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Saturday, July 4, 2009

Cheaper overseas property prices make them attractive

When times are bad, property investors, more so those with a lot of cash, will look at opportunities beyond the country instead of just locking their money in the local market. With that, there appears to be a rising trend among Malaysians to invest in properties abroad, more notably those in Singapore, Australia and Britain.

The lower property prices, due to price adjustment in the exchange rate, makes it even more appealing. Reflecting the growing interest is the fact that real estate agents have been getting numerous inquiries pertaining to property purchases abroad.

“The closest to our market which has attracted interest is Singapore, where property prices at the heart of the republic, at Orchard Road, saw some downward price adjustment. London is another popular investment destination especially considering the adjustment in exchange rate from RM6.95 to £1 (about a year ago) to RM5.82 today in addition to adjustment in property prices there in view of the economy,” says real estate agency S.K. Brothers Realty (M) Sdn Bhd general manager Chan Ai Cheng.

Chan opines that the main reason investors are considering these markets is the upside potential in their economic recovery.

“For instance, for a location like Orchard Road in Singapore, the moment the market recovers, this location would be the first to benefit. In good times, it would not be possible to own something at Orchard Road at the current prices seen in the past six to nine months” she says, adding that some look at overseas property investment as a diversification of their investment portfolio.

The majority of purchases by Malaysians in Singapore are those who work in the republic. When it comes to Australia, the biggest motivation to buy properties there would be because their children are pursuing education there.

Property consultant Savills Rahim & Co managing director Robert Ang concurs that local property investors are eyeing British and Australian properties to take advantage of the fall in value of the British pound.

Condominium prices in Singapore, Britain and Australia, he says, have declined between 20% and 30%.

Meanwhile, Khong & Jaafar Sdn Bhd managing director Elvin Fernandez notes that Singapore is seeing some pick-up in demand and prices.

“This comes with a general feeling that the downslide in the crises has been arrested,” he says.

“Australia is also a destination that investors are eyeing for long-term prospect because the Australian market seems to be quite stable and not much affected by the credit crisis,” says Y.Y. Lau, executive director of YY Property Solutions Sdn Bhd (in association with Cushman & Wakefield). She adds that corporate investors are becoming interested in emerging markets such as Vietnam.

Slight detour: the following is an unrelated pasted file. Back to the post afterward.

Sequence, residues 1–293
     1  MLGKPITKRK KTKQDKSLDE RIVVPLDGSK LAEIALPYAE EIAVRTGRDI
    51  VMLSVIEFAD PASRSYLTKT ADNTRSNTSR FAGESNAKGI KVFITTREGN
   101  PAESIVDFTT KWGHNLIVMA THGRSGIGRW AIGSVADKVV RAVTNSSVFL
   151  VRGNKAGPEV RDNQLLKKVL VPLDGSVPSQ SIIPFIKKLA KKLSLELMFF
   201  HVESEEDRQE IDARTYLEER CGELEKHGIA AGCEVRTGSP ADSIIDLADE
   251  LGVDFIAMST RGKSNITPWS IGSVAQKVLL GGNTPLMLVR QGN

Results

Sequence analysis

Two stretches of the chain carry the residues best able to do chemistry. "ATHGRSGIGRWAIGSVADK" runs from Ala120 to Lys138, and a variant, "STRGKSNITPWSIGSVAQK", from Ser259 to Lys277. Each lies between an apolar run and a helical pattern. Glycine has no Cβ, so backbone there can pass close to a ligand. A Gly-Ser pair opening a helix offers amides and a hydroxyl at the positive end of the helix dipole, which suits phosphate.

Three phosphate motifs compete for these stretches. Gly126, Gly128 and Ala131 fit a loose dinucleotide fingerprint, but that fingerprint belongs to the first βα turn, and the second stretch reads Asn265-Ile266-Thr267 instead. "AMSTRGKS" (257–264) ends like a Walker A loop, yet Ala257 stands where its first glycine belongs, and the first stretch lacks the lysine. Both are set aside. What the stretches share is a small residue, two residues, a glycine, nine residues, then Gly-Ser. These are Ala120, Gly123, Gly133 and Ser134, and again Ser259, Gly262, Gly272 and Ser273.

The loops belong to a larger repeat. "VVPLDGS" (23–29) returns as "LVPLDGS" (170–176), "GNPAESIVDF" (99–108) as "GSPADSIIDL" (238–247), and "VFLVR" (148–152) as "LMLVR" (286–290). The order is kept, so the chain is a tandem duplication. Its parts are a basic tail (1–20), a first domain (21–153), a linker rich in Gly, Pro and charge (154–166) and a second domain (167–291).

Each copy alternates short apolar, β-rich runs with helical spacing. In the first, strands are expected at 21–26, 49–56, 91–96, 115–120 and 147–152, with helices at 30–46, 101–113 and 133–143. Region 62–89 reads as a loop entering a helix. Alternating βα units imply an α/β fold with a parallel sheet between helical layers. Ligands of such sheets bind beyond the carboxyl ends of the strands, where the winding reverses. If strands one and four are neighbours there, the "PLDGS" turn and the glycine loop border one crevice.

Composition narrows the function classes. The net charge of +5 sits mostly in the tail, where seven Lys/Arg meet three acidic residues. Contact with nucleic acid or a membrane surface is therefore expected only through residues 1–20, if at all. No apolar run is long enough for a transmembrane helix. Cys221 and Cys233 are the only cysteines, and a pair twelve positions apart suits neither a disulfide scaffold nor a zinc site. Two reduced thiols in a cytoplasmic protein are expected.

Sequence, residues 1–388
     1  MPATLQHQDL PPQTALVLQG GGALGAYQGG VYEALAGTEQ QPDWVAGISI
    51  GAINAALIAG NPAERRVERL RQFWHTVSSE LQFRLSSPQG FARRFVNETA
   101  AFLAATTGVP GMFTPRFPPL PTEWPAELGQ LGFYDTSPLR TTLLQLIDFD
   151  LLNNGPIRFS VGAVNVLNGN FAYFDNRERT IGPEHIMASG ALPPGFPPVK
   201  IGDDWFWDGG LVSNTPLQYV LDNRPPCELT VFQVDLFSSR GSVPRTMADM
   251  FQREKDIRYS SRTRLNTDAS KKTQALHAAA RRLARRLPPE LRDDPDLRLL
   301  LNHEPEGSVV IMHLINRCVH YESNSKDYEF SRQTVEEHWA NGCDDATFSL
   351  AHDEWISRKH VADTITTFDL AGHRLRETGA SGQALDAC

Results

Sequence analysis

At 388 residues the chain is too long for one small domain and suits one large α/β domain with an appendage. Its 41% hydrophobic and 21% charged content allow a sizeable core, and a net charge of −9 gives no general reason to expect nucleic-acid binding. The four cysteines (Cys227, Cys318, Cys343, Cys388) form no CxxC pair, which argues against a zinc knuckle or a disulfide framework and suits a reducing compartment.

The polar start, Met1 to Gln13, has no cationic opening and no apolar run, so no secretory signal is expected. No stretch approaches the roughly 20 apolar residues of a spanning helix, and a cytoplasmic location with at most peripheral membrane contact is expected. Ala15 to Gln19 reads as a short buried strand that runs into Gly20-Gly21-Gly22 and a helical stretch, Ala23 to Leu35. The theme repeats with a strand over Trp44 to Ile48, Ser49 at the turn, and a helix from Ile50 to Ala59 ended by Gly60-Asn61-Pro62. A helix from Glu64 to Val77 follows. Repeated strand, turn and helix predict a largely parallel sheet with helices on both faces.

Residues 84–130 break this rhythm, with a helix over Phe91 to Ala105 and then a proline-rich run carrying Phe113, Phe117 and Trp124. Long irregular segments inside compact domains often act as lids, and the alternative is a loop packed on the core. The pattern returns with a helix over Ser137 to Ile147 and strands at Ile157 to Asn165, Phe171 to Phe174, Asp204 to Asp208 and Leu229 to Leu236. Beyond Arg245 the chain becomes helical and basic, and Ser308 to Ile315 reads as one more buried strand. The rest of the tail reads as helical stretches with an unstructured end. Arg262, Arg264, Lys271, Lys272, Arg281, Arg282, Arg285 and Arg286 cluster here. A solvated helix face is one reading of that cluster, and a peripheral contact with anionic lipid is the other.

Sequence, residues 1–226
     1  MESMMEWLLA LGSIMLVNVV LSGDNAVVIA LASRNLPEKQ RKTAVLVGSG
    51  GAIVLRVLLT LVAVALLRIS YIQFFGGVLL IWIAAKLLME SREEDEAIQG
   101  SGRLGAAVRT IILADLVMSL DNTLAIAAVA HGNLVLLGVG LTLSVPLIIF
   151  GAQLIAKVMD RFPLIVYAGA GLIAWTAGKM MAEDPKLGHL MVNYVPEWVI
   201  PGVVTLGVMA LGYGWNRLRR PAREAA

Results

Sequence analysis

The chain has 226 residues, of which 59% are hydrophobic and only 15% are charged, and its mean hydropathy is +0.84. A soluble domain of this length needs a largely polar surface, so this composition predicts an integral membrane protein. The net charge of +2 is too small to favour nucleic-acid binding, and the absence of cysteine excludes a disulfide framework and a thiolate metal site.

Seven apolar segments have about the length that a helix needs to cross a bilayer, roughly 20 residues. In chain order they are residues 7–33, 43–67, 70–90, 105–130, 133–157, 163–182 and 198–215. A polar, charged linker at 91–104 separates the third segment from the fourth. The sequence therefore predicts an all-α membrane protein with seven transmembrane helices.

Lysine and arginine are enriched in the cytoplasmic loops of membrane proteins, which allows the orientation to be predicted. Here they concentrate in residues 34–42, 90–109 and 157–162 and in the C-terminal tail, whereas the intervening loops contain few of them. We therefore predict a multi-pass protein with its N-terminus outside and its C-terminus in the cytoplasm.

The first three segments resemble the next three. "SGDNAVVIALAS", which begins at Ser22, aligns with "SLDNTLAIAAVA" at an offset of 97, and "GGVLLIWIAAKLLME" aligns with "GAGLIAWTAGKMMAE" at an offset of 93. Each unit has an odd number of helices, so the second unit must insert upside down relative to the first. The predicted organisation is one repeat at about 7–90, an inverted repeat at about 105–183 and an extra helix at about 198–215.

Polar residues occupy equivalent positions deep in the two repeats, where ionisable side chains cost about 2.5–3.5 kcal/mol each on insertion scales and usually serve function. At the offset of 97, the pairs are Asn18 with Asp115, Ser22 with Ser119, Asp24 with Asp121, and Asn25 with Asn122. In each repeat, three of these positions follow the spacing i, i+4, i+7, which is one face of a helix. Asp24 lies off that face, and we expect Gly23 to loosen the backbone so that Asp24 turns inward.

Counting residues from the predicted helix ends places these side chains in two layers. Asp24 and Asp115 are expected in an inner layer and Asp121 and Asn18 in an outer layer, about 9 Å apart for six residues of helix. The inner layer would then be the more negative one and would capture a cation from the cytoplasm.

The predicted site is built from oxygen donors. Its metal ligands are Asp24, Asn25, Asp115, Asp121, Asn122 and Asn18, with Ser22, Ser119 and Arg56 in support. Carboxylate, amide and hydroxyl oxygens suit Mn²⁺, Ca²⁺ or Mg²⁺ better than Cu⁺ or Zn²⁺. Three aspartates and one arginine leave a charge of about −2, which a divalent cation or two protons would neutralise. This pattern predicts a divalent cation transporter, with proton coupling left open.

Locally, Fernandez says high-end condominium prices in Kuala Lumpur have dropped by some 10% to 15%.

“This is not unexpected as the prices ran up substantially in 2007 and early 2008, ahead of fundamentals like rental support.

“Prices for high-end condominiums in Kuala Lumpur, should, in my opinion be considered sustainable if net annual returns are about 6% at the point of purchase,” he says.

As for landed property, the market appears to be holding up pretty well in general. “Even in more volatile markets like the Kuala Lumpur City Centre (KLCC) area, prices are still above launching prices two to three years ago,” says Chan, adding that the asking price a year back was much higher.

Another reason why the prices of properties in the suburbs have held well is because most involve owner occupation and for many, they are at the tailend of their loan repayments to the banks.

“Whereas units at the KLCC area could be more for investment purposes than owner occupation,” she says, adding that such investors will not hesitate to dispose of their investment assets in Malaysia, if necessary.

Fernanadez says that going forward, local property market will face challenges if economic growth is not strong as, on the supply side, there are a large number of developers who depend a lot on keeping their outfits humming and this will be threatened if demand is not robust.

According to Cushman & Wakefield Research’s latest report for June and July, the first quarter of 2009 for real estate investment sales in Asian markets was pretty dire compared with the first quarter in 2008 and 2007.

“Despite the gloomy evidence, our brokers in Asia can see markets starting to move in the right direction. One of the advantages Asian markets have is the wider-spread use of strata-title office space available for purchase by occupiers for their own use,” the report says.

The report also says the economies in Asia are constantly growing, but the growth rate is slower and only increases in speed again after passing the turning point.

“This means that there is a continuing demand for real estate space all the way through the cycle. It’s just that the rate of demand is not as high as it was,” it adds.

In Europe, the report says property and bond markets have continued to deliver weak performance. Property in Eastern and Western Europe has seen a further quarter of negative growth with the prime values in the West down around 6% and 19% in the East, as an acceleration in rental declines has started to take over from yield increases, the report says.

By The Star

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